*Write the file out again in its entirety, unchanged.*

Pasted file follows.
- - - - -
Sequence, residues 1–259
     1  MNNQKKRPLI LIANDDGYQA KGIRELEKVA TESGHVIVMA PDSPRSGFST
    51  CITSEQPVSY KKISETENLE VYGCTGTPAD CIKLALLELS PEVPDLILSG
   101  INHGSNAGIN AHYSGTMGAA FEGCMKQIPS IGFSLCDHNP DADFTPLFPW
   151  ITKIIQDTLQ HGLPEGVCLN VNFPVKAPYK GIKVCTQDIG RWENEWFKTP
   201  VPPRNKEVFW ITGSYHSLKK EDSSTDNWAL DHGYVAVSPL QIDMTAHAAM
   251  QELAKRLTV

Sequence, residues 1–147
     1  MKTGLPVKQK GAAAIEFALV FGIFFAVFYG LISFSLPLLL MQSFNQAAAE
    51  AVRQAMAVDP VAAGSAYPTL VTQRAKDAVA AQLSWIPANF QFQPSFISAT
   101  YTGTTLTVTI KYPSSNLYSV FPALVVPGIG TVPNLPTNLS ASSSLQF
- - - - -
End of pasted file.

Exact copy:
Sequence, residues 1–259
     1  MNNQKKRPLI LIANDDGYQA KGIRELEKVA TESGHVIVMA PDSPRSGFST
    51  CITSEQPVSY KKISETENLE VYGCTGTPAD CIKLALLELS PEVPDLILSG
   101  INHGSNAGIN AHYSGTMGAA FEGCMKQIPS IGFSLCDHNP DADFTPLFPW
   151  ITKIIQDTLQ HGLPEGVCLN VNFPVKAPYK GIKVCTQDIG RWENEWFKTP
   201  VPPRNKEVFW ITGSYHSLKK EDSSTDNWAL DHGYVAVSPL QIDMTAHAAM
   251  QELAKRLTV

Sequence, residues 1–147
     1  MKTGLPVKQK GAAAIEFALV FGIFFAVFYG LISFSLPLLL MQSFNQAAAE
    51  AVRQAMAVDP VAAGSAYPTL VTQRAKDAVA AQLSWIPANF QFQPSFISAT
   101  YTGTTLTVTI KYPSSNLYSV FPALVVPGIG TVPNLPTNLS ASSSLQF